NZ house price growth compared to other countries

Housing is riding an extended boom from the US to the UK to China. Global housing valuations are soaring at the fastest pace since 2006, according to one global real estate consultant, with annual price increases in double digits. However, Bloomberg Economics analysis shows many housing markets are flashing the kind of bubble warnings that haven’t been seen since the run up to the global financial crisis.

Why are housing markets booming?

All over the globe, the reasons for the frenzy are surprisingly consistent:

  • cheap mortgages, that is, globally low interest rates,
  • a post-pandemic desire for more space,
  • increased costs of some materials, especially wood,
  • lockdowns and border restrictions in some countries mean that many people have more cash to spend, as they haven’t spent so much on international travel and niceties,
  • government’s printing money,
  • newly remote workers taking city cash to regional locations, and
  • crucially, a pervasive fear that if you don’t buy now, you may never be able to (fear of missing out “FOMO”).

In NZ, we have one of the most tightly regulated real estate development markets in the world, which adds to the costs of development and helps push housing prices up.

Property risks are mounting

As house prices and interest rates increase, so do the risks for both individuals and society. Even without an outright crash (plunge in prices), big mortgages mean borrowers are vulnerable if interest rates rise, they have less disposable income to spend in the wider economy and are more likely to reach retirement still having a mortgage.

For younger people, buying property becomes increasingly difficult, which can disenfranchise youthful generations.

Market regulators, government action, and rapidly growing property prices

While government bodies and regulators are starting to get nervous, there are few signs of meaningful action in most countries, including our own. Most seem to expect the market will start to cool on its own, arguing that a decade-long focus on higher lending standards combined with the prospect of low interest rates for an extended period means there is no obvious trigger for a crash. Despite a lot of speculation in the NZ media and in some NZ political circles, much of the activity is being driven by owner-occupiers rather than investors, who typically don’t immediately sell if prices start to fall or interest rates start to rise.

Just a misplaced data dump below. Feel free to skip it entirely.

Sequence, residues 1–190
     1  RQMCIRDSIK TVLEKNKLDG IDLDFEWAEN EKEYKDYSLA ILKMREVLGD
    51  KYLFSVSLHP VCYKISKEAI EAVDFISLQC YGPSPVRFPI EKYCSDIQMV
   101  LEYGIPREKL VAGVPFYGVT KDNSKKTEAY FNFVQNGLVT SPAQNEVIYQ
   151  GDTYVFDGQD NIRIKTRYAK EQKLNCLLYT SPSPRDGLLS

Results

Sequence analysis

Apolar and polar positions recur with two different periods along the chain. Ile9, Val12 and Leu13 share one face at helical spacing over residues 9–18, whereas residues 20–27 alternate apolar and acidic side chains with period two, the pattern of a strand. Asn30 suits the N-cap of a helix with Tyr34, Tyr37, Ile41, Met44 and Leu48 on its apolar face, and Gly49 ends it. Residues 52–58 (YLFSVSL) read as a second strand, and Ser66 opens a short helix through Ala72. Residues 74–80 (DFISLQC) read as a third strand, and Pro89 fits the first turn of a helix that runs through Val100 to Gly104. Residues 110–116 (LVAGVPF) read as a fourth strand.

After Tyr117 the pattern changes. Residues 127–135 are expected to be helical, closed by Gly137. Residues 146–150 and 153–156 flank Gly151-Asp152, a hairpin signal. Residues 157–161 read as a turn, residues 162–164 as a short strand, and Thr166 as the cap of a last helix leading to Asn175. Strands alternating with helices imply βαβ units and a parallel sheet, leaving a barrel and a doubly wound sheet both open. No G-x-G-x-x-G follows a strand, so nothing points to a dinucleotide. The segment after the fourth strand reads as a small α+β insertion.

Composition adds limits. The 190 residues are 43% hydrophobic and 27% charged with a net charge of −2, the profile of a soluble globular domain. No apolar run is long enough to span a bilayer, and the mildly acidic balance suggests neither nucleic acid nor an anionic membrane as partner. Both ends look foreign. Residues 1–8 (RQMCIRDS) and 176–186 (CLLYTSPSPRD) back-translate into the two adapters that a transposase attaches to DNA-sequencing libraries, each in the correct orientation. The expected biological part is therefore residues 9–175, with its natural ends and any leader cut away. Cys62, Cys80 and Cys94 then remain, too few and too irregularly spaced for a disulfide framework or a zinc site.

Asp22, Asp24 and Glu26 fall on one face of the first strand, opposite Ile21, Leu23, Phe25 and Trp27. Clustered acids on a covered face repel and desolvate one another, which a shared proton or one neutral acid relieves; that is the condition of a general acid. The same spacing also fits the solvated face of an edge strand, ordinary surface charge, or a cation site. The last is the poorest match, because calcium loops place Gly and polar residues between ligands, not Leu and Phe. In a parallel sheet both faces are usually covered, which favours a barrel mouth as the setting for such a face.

Below is a quick summary of how things are looking in major overseas housing markets.

Australian house price increases

In the 2020-21 financial year, Australian residential property prices grew at their fastest annual rate since 2004. The Australian CoreLogic home value index rose in June to be 13.5 percent up on a year ago, with prices rising in all state capital cities. However, there are early signs that momentum is coming off the boil.

US housing prices surge

In the US residential housing market, home prices have risen at the fastest pace in more than 30 years. A composite measure of 20 major US cities, which covers areas including Dallas, Miami, New York, and San Francisco, rose 14.9 percent year on year.

United Kingdom (UK) housing prices lifting

Demand is so hot in the UK it’s been reported that a quarter of UK homes sell within a week of coming onto the market. This is on the back of UK house prices rising at their fastest rate in more than 17 years.

House prices compared to NZ - Canada

Canadian house price increases

MarketWatch has reported that Canadian new house prices have advanced 11.3 percent in the last 12 months, the largest increase in more than 14 years.

Chinese property prices lift

Reigning in property prices is a key objective of the ruling Chinese Communist Party, but even they are struggling. While in much of the world the pandemic spurred a dash to the suburbs and beyond, buyers in China piled into top-tier cities where the best jobs and schools can be found.

Existing home prices in those cities rose 9.7 percent in the year to June 2021, despite crackdowns on legal loopholes such as fake divorces, designed to bypass rules on how many properties one family can own.

The bottom line – global house price growth continues

Expect global house prices to continue growing over the next 12 months as the forces that drove this growth are still in place and are showing no signs of disappearing.

Whatever your situation, we’re here to help. Maybe you’re looking to buy a first home, perhaps you’re a property investor seeking to buy more (or sell up and retire), or maybe you’re in an altogether different situation. No matter the case, if you’d like to discuss anything above with a trained professional, then leave your details and inquiry below.